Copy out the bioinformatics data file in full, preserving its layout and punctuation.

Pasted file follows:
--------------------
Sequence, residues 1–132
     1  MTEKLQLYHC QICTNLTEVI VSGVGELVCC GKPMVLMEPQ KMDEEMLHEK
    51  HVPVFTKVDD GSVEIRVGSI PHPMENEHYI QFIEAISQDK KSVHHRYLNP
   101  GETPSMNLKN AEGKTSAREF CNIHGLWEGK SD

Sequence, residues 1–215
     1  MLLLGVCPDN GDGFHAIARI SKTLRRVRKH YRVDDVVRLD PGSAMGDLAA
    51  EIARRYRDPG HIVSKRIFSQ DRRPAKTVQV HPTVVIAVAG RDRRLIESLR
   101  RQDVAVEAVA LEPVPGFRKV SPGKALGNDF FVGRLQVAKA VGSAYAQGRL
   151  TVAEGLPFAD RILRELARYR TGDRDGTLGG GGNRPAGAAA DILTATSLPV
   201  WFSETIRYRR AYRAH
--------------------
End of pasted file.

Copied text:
Sequence, residues 1–132
     1  MTEKLQLYHC QICTNLTEVI VSGVGELVCC GKPMVLMEPQ KMDEEMLHEK
    51  HVPVFTKVDD GSVEIRVGSI PHPMENEHYI QFIEAISQDK KSVHHRYLNP
   101  GETPSMNLKN AEGKTSAREF CNIHGLWEGK SD

Sequence, residues 1–215
     1  MLLLGVCPDN GDGFHAIARI SKTLRRVRKH YRVDDVVRLD PGSAMGDLAA
    51  EIARRYRDPG HIVSKRIFSQ DRRPAKTVQV HPTVVIAVAG RDRRLIESLR
   101  RQDVAVEAVA LEPVPGFRKV SPGKALGNDF FVGRLQVAKA VGSAYAQGRL
   151  TVAEGLPFAD RILRELARYR TGDRDGTLGG GGNRPAGAAA DILTATSLPV
   201  WFSETIRYRR AYRAH